What kind of research goes into developing a sci-fi world?
It varies depending on the project. For example, for the Ecosystem Trilogy, I had to learn a lot about (big surprise) ecosystems so I could create my own, sci-fi version of one. But for Freefall, which is set on an exoplanet, I had to research space exploration and colonization. I don’t write “hard” sci-fi, so I always end up taking liberties with the facts, but at the same time, I want the world I’ve created to be plausible enough that readers can lose themselves in it and not say, “hey, wait a minute!” on every other page.
Do you draw on other fantasy worlds to help develop your own?
Oh, for sure! The Ecosystem books have little parts of Dune, The Lord of the Rings, Star Wars, the Thomas Covenant series, and other stories I’ve loved over the years. I don’t think it’s possible to avoid being influenced in that way, and I don’t think it would be a good thing even if you could avoid it. Each imagined world gains depth and complexity from its points of contact with other imagined worlds, so as long as you’re not outright plagiarizing—setting your novel in a magical school called Warthogs with a wizard main character named Perry Hotter—I think you’re enriching your story-world by paying tribute to others.
What authors/books inspired your writing? Do you read the same genre that you write?
I’ve been a voracious reader my whole life, starting with books that would have been called YA if the category existed when I was a kid—such as the novels of Judy Blume and S. E. Hinton—then graduating to “adult” fantasy and sci-fi, along with the “classic” literature I read in college and grad school (and still read today). To give you an idea of how wide-ranging my reading is, this past month I read the historical novel Giants in the Earth, the contemporary YA thriller Following, and the nonfiction book on baseball analytics, Moneyball. Next up is Faulkner’s As I Lay Dying, which I’m re-reading for a class I teach. Everything I read is inspirational, because everything I read goes into my brain and comes out in odd and unexpected forms. That’s why writers have to be readers: not because any particular book or genre teaches you “how to write,” but because every story you read adds to your ability to tell your own.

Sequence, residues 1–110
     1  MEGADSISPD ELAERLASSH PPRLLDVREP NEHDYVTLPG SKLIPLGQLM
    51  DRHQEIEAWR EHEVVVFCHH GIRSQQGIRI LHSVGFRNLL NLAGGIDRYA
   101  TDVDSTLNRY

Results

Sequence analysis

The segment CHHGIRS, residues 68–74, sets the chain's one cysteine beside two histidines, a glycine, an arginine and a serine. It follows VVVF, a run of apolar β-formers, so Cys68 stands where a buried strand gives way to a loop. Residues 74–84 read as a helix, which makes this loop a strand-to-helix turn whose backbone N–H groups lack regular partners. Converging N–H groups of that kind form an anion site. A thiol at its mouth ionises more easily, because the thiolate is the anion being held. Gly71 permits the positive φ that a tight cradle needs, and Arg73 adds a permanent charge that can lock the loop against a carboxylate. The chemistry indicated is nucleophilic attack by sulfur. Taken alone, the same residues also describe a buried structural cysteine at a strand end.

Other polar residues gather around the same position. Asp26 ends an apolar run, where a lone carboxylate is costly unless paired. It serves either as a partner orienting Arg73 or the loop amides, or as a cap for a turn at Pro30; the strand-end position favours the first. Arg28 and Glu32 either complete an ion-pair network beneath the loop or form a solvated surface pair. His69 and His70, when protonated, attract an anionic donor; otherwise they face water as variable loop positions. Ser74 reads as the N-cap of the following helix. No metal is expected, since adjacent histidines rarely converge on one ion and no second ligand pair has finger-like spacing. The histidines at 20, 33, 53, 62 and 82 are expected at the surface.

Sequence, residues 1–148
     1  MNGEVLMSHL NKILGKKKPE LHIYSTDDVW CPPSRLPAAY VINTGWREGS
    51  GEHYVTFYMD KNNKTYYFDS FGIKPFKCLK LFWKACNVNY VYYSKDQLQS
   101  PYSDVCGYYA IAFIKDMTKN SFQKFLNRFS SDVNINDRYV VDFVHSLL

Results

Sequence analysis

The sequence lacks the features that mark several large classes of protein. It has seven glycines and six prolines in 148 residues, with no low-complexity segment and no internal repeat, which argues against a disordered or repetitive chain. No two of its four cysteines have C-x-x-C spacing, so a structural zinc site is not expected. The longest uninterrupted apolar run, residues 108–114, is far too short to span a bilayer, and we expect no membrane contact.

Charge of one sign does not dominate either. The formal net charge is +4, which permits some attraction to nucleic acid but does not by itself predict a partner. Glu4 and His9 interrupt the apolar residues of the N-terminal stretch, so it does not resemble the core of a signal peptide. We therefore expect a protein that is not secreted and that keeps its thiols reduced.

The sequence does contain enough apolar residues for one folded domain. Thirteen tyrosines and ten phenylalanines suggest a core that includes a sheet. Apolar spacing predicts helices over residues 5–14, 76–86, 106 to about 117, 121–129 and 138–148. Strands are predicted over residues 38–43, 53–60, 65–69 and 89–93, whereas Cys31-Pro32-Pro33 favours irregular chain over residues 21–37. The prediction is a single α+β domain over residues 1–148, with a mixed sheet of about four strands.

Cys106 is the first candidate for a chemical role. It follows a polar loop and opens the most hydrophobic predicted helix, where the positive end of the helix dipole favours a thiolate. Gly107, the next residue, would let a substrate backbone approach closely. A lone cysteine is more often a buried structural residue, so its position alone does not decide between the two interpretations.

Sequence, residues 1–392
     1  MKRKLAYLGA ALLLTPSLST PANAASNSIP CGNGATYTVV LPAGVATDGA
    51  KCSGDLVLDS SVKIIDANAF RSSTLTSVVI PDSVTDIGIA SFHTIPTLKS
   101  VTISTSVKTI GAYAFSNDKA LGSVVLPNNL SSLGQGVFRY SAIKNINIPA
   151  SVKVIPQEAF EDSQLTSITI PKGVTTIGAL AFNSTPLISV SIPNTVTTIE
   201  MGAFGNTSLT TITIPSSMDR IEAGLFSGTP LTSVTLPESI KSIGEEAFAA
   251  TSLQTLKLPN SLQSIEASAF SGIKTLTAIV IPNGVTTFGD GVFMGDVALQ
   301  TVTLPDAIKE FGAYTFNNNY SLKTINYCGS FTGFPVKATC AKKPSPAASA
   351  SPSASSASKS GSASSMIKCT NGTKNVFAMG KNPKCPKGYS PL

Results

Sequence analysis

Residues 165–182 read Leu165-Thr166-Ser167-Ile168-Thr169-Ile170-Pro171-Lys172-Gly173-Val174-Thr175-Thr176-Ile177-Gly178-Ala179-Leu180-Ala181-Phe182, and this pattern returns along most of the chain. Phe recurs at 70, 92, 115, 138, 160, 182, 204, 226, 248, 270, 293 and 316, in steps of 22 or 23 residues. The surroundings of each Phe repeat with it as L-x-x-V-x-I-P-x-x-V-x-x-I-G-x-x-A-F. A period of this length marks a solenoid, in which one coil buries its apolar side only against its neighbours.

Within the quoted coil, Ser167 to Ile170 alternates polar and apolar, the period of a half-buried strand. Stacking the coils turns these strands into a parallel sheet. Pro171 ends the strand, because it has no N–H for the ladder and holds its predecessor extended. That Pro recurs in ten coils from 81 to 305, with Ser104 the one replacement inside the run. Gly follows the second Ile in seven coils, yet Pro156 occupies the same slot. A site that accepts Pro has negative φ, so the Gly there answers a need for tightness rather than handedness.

What is your ideal writing setting (outside, at a desk, etc.)?
Sadly, I find myself desk-bound most of the time when I’m writing. I wish I could venture into the great outdoors, or take my laptop to some cool, funky bookstore and type away while soaking up the book-vibes, but the truth is, I can’t write unless I cut out every possible distraction. That means no music, no social media, no food or drink or other people while I’m writing. The only problem is that I write at home, so occasionally I do have to interact with my wife and kids!
Do you have any writing exercises or habits?
I’m not much of a planner, because I find that I make my best discoveries as a writer when I don’t know what’s coming next. Setting is very important to each of my stories, so I do like to draw a rough map of my imagined world before I start. I also jot down brief chapter summaries, but usually only after I’m midway through a manuscript and want to make sure I tie up all the loose ends. What this approach means is that I tend to produce really messy drafts, which is okay since I’m a good reviser. I think every writer has to find the habits that work for them, with the only requirement being that if you want to be a writer, you have to write.
Any advice for aspiring authors?
The best advice I can give—and I learned this the hard way—is to focus on what you can control, not what you can’t. Look, there is ultimately nothing you can do to assure yourself of commercial success as a writer: you can write the best book you’re capable of, and you can market it all you want (or all you can afford), but there’s still no guarantee it’ll hit the bestseller lists. The publishers have a formula, which involves pouring most of their promotional dollars into a few “big” books each year (usually the ones written by the already established authors who least need the support), but even that formula doesn’t always pan out, while occasionally, a book no one expected to hit it big goes viral. The one and only thing you can control as a writer is your writing. So write, and dream, and have fun, and maybe you’ll make a splash. But even if you don’t, you’ll still have written. And dreamed. And had fun. Which is what the whole thing should be about.
Joshua David Bellin has been writing novels since he was eight years old (though the first few were admittedly very short). A college teacher by day, he has published numerous works of fantasy and science fiction, including the two-part Survival Colony series (Survival Colony 9 and Scavenger of Souls), the deep-space adventure Freefall, and the short story collection Ten Tales of Terror and Terra. The Ecosystem series—Ecosystem, The Devouring Land, and House of Earth, House of Stone—is his latest work of speculative fiction. In his free time, Josh likes to read, watch movies, and take long nature hikes with his kids. Oh, yeah, and he likes monsters. Really scary monsters.